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Approaching the shrine:

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Why am I so happy, you ask? Well, those barrels behind me are filled with sake. Wouldn’t you be happy too?

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We then made our way over to Todai-ji temple and saw MORE deer along the way! Apparently, deer are actually regarded as messengers of the gods in the Shinto religion. I wonder what this one is trying to tell us…

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A baby messenger!

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Not sure what this is but it was cool:

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And this:

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Finally made it to Todai-ji temple, which is home to the world’s largest bronze statue of Buddha!

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Since everyone else was taking selfies with their TICKETS (like, really? why??), we decided to get in on the action:

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And there she is! World’s largest bronze Buddha!

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The world’s most traveled stuffed turtle. Beat that, Buddha!

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Some more interesting statues and Buddhas inside the temple:

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And this… giant baseball glove??

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People were standing in a LONG line to climb through this hole. I didn’t know why, but I sure knew I wanted to take pictures of it:

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Ran in to this super creepy statue on our way out of the temple:

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Goodbye world’s largest bronze Buddha! It sure was nice meeting you!

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Fushimi Inari-tashi Shrine

This shrine is one of the most popular shrines in Kyoto. The main shrine sits at the base of the mountain, while tons of other little shrines are scattered throughout the mountain, led to by paths lined with thousands of torii (traditional Japanese gates). The main shrine:

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Thousands of torii (and thousands of pictures of torii):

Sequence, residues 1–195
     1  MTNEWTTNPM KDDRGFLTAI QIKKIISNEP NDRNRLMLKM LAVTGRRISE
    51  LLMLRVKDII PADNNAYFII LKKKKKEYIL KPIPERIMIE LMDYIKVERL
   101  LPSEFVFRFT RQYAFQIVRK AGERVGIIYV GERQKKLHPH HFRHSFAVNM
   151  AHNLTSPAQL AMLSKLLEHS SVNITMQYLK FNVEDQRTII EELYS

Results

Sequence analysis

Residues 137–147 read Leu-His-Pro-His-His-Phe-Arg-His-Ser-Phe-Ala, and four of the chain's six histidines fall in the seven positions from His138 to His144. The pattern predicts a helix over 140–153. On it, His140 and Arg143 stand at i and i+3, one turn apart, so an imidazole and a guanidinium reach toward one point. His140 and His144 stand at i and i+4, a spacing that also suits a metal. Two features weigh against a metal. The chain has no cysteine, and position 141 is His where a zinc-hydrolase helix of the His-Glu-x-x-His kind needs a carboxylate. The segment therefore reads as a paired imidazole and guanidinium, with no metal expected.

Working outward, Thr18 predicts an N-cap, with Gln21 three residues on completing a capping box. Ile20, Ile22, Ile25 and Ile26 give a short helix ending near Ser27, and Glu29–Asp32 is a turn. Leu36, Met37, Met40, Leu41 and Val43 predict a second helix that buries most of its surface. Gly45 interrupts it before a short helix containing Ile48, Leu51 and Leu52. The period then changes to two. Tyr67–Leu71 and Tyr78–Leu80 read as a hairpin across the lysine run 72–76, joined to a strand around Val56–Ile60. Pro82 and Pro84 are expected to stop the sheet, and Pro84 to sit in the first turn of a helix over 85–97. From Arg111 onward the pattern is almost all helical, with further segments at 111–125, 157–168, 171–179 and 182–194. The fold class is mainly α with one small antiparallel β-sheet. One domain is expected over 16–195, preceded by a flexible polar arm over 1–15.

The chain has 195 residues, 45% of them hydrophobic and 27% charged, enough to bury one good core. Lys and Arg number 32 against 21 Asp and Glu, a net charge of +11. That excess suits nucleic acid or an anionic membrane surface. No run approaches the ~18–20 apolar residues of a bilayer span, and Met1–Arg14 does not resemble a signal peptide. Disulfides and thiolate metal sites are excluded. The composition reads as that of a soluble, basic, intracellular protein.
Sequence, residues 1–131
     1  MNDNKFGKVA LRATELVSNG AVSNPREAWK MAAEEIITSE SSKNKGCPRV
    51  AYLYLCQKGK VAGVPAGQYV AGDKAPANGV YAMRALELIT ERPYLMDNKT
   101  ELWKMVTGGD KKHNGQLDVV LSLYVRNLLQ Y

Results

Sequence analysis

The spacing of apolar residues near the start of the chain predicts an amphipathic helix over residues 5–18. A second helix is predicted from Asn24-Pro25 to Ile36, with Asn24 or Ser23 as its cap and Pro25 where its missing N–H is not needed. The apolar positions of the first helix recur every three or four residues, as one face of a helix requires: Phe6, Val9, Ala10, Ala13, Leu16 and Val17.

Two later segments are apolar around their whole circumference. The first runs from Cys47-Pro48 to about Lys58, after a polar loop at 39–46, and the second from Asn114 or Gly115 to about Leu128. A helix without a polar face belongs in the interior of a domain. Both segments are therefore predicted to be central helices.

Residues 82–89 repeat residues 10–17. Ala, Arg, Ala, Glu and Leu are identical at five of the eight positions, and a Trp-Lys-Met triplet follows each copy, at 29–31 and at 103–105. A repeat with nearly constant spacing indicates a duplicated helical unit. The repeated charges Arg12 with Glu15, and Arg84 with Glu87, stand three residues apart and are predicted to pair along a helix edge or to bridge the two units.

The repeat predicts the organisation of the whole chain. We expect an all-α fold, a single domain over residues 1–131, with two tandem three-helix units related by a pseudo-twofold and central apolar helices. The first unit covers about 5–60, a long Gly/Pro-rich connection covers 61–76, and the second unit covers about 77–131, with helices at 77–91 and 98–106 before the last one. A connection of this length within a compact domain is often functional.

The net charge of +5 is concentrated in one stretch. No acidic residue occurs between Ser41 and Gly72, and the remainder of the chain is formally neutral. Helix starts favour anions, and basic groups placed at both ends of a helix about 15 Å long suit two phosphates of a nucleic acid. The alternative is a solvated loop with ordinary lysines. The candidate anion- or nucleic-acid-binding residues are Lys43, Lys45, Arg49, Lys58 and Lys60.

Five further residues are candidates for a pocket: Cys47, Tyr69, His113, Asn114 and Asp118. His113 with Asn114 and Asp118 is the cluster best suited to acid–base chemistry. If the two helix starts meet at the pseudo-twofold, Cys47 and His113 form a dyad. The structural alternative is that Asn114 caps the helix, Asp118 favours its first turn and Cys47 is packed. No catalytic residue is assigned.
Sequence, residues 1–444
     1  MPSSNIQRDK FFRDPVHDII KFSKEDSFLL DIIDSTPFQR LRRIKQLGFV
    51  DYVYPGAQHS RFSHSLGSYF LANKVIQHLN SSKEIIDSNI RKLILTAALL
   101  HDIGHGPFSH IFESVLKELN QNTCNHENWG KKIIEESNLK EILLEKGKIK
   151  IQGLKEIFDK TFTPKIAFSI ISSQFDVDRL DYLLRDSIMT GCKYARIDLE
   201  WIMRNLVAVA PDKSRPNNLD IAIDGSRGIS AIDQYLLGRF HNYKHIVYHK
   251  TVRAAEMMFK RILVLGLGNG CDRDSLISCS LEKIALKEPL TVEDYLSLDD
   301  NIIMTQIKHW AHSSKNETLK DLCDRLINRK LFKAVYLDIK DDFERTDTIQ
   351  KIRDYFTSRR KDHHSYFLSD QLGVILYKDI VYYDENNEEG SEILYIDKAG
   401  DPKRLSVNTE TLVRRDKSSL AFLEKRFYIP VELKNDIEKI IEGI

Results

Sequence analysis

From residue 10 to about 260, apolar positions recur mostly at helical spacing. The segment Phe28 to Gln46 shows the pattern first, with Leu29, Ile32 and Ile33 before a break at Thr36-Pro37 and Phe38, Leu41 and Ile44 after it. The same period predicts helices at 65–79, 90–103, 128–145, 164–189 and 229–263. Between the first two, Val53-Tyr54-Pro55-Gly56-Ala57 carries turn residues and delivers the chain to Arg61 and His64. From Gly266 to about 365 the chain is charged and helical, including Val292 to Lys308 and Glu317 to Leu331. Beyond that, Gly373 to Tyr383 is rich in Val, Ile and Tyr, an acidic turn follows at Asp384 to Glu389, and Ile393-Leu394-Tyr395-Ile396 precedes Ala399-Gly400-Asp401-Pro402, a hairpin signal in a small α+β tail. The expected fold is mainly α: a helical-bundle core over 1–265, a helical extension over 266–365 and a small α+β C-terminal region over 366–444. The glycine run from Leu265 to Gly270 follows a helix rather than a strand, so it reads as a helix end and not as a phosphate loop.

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Some shrines:

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We made it to the top!!

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The shrine at the top of the mountain:

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After about 1.5 hours of walking up and down the mountain, we decided to head back, making our way through the torii maze in the dark. Creepy!

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Himeji Castle

Took a day trip to the famous Himeji Castle, the largest and most visited castle in Japan. According to Wikipedia, this castle “is regarded as the finest surviving example of prototypical Japanese castle architecture”. Pretty cool, eh?

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Visiting castles while making phone calls at the same time. A fine example of skilled multi-tasking:

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A final view of the castle from the train station:

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Bamboo Forest

Made our way back to Kyoto to check out the Bamboo Forest in Arashiyama, considered “one of the most beautiful groves on Earth”. It was indeed stunning:

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Some mandatory bamboo selfies:

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EVERYONE else was walking (I mean, it was 10 minutes each way…) except these two lazy bastards:

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Francy insists I include this photo, so, you’re welcome:

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I just love toilet signage in this country:

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FINALLY found strawberry Koalas!! So we stocked up. Half the bag was gone by the time we made it back to our guesthouse 😦

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Kinkaku-ji – Temple of the Golden Pavilion

Kinkaku-ji is a Zen Buddhist temple and one of the most popular building in all of Japan. You can tell why. The top two stories are actually covered with pure gold leaf!